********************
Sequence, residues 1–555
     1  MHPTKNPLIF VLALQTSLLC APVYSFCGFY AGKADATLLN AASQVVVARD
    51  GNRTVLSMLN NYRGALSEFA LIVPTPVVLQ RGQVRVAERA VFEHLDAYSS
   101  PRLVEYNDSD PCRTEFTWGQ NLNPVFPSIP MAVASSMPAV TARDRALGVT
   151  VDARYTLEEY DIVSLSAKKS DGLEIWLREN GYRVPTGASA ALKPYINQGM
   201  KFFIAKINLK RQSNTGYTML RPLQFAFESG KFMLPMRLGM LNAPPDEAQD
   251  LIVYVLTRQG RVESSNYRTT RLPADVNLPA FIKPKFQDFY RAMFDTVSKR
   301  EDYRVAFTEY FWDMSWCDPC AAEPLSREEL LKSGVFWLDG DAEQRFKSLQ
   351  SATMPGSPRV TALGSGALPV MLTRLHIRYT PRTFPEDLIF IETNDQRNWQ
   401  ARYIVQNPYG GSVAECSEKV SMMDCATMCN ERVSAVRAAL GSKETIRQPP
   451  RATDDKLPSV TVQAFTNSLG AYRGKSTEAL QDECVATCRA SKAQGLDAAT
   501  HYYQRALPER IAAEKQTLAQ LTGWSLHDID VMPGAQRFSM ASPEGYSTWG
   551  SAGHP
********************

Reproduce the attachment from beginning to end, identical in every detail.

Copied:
Sequence, residues 1–555
     1  MHPTKNPLIF VLALQTSLLC APVYSFCGFY AGKADATLLN AASQVVVARD
    51  GNRTVLSMLN NYRGALSEFA LIVPTPVVLQ RGQVRVAERA VFEHLDAYSS
   101  PRLVEYNDSD PCRTEFTWGQ NLNPVFPSIP MAVASSMPAV TARDRALGVT
   151  VDARYTLEEY DIVSLSAKKS DGLEIWLREN GYRVPTGASA ALKPYINQGM
   201  KFFIAKINLK RQSNTGYTML RPLQFAFESG KFMLPMRLGM LNAPPDEAQD
   251  LIVYVLTRQG RVESSNYRTT RLPADVNLPA FIKPKFQDFY RAMFDTVSKR
   301  EDYRVAFTEY FWDMSWCDPC AAEPLSREEL LKSGVFWLDG DAEQRFKSLQ
   351  SATMPGSPRV TALGSGALPV MLTRLHIRYT PRTFPEDLIF IETNDQRNWQ
   401  ARYIVQNPYG GSVAECSEKV SMMDCATMCN ERVSAVRAAL GSKETIRQPP
   451  RATDDKLPSV TVQAFTNSLG AYRGKSTEAL QDECVATCRA SKAQGLDAAT
   501  HYYQRALPER IAAEKQTLAQ LTGWSLHDID VMPGAQRFSM ASPEGYSTWG
   551  SAGHP